Here is my second devotional with Pittsburgh Theological Seminary. I was overjoyed to be asked to participate! This devotional is written about Isaiah 49, which includes one of the Suffering Servant songs. The most famous of these is Isaiah 53, which is so often read this time of year as a picture of Jesus’ suffering.  Yet here the Servant suffers, but not so grievously; his suffering is interwoven even more clearly with freedom and justice for Israel and the nations.

Read the full devotional here.

Stories in the Dark

Addie Zierman is hosting a synchroblog today about our own stories of darkness to celebrate the release of her new book, Night Driving. So, here goes…

  
Writing has always been complicated. 

It’s hard to pick a darkest time in that set of months; everything was so dark and tangled, full of guilt and longing, both of the kind that fill your stomach and sit heavy in your bones and feel like they’re about to tear you apart. Underlying everything was this tension between what I dreamt of and what I was terrified would happen.

My first forays into fiction writing were born out of my own desire to see the kinds of stories I loved, but full of girls and women. I hated that there was just that one token girl who, yes, tended to be kick-ass, but why couldn’t she be the main character? And so I crafted my own storylines, full of superheroes and dragons and unicorns and lots of kicking ass. Sometimes there was even a boy character!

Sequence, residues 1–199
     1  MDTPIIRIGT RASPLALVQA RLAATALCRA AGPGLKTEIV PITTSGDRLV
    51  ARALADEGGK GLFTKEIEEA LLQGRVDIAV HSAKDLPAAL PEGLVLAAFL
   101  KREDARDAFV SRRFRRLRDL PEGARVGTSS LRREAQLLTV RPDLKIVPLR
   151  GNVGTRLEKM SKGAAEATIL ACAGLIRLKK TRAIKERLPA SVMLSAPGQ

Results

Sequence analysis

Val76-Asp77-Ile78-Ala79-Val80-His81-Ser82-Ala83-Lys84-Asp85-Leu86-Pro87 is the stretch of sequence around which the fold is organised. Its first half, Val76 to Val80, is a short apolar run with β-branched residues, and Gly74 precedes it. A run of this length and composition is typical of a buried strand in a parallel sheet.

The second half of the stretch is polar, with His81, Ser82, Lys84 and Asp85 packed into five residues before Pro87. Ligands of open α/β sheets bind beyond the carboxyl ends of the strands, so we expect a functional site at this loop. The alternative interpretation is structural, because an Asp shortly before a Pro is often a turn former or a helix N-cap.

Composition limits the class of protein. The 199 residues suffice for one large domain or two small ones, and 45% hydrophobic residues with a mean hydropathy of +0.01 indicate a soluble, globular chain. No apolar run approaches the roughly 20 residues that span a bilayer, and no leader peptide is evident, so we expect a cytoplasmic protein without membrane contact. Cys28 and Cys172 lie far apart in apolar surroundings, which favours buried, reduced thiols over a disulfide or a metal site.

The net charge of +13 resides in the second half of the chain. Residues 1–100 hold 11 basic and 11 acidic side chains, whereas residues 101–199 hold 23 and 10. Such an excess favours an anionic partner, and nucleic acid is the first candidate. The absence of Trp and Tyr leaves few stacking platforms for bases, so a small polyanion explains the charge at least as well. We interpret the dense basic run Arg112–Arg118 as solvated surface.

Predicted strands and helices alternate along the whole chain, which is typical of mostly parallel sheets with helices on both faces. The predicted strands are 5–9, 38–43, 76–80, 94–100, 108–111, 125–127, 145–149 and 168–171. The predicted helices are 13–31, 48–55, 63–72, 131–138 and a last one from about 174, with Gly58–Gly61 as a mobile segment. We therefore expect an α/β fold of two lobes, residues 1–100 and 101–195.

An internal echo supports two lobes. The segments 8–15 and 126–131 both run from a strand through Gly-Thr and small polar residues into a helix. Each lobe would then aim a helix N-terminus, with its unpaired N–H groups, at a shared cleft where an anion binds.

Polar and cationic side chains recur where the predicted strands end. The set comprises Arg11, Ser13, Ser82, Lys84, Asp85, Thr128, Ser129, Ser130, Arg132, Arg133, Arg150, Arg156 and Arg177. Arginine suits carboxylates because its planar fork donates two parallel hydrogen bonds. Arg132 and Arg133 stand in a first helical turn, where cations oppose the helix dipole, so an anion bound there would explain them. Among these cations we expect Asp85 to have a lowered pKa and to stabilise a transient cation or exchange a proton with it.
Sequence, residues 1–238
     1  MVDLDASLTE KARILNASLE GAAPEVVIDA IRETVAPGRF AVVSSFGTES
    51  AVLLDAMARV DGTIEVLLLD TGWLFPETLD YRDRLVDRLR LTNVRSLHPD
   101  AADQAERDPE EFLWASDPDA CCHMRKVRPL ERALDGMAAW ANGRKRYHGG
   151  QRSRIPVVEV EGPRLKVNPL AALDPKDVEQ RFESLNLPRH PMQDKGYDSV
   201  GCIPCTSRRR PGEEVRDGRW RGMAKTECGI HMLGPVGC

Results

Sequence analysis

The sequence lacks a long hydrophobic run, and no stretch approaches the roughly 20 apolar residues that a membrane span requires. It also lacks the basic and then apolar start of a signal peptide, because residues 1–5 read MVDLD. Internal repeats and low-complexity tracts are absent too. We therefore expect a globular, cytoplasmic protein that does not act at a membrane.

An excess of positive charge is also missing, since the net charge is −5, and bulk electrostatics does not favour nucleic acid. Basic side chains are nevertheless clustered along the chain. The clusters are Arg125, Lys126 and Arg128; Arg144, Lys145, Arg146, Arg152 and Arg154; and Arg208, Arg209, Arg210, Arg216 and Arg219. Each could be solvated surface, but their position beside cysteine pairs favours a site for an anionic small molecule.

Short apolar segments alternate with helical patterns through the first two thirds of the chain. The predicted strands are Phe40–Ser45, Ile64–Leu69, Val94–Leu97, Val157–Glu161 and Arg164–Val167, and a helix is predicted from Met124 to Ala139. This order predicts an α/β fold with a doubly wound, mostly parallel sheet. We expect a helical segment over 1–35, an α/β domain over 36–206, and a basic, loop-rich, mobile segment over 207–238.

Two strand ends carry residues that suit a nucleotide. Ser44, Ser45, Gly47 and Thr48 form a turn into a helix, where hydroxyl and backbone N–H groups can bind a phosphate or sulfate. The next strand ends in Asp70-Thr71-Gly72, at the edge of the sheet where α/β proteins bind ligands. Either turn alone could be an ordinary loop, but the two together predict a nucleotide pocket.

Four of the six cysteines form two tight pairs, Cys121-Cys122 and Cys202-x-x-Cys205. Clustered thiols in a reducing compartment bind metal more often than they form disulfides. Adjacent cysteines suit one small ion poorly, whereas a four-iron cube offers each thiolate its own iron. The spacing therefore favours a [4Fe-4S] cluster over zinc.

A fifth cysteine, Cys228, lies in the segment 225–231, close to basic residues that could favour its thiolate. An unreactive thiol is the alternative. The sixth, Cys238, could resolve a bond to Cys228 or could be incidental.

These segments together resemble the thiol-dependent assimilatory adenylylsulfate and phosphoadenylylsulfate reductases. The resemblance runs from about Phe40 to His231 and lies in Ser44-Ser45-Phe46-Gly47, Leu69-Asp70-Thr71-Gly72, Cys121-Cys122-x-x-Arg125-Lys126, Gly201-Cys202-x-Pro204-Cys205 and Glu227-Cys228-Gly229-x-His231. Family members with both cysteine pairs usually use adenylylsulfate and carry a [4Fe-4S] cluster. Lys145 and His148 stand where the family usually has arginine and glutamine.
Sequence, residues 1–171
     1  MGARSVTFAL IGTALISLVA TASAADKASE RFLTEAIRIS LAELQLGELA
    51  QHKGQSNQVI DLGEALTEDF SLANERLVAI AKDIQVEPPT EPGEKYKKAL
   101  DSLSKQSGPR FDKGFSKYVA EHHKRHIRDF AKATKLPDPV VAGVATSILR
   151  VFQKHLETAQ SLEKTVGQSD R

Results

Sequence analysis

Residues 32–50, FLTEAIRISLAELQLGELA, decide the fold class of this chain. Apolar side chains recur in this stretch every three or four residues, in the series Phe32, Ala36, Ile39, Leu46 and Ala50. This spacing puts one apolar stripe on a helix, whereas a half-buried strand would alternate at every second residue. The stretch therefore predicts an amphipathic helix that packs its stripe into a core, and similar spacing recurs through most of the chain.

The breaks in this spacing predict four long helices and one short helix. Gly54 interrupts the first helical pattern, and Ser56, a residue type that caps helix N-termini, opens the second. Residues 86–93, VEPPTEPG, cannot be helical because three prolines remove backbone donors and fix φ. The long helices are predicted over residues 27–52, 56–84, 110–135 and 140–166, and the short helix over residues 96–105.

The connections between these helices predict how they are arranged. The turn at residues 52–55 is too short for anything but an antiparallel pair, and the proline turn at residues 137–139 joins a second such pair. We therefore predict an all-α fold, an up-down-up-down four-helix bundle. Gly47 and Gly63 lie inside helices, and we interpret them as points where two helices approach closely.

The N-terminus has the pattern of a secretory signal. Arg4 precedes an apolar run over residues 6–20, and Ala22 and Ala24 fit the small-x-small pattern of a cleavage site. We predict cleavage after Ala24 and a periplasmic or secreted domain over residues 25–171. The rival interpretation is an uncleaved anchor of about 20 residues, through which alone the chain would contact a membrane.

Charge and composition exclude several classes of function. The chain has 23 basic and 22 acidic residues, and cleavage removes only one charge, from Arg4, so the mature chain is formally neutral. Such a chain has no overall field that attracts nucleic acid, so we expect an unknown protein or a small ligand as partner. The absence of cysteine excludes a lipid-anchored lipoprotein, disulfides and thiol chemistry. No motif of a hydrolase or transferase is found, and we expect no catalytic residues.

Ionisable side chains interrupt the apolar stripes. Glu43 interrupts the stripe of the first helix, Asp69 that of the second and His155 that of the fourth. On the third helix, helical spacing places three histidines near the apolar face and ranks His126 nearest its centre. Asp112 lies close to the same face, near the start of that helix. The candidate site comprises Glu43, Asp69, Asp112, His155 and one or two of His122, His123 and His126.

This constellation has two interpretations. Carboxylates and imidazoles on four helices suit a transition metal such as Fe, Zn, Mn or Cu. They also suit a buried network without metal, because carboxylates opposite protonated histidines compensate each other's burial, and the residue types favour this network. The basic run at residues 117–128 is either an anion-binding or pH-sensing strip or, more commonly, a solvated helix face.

I dreamt of being a writer. I wanted it the way you want your first dream: I wanted it with all of my being, imagined the books I would write and my books being made into movies and being famous. I wanted it so badly that I gripped my dream dream with a death-grip, not allowing anyone to even know of it, yet determined to make it happen. Crafting the plots of my stories took on all that frenzied passion that I wouldn’t allow myself an outlet for–for, being a perfectionist, I wouldn’t let myself write anything unless I had it all planned out, unless I was sure it was going to be perfect. Besides, writing was hard work, work that I poured my soul into and didn’t want anyone to know I was doing because then they would ask to see it and I’d have to say yes but I couldn’t face the idea of anyone reading it and so I only wrote where no one would see me–but plotting, plotting could be done anywhere. I could plan out the next scene, outline the ending, craft that conversation word-for-word, and as long as it was in all in my head, no one would be the wiser.

These imaging ins took up more and more of my time. I would slip away from people to get a few more minutes of time with my stories. I would lay awake at night thinking of them. I would plan scenes in exquisite detail, going over my favorites again and again. They consumed me, pushing aside everything else into various levels of ‘Less Important.’ God was pushed aside, honesty, sleep, school, relationships… They all paled in comparison with these fictional worlds that so vividly filled my head.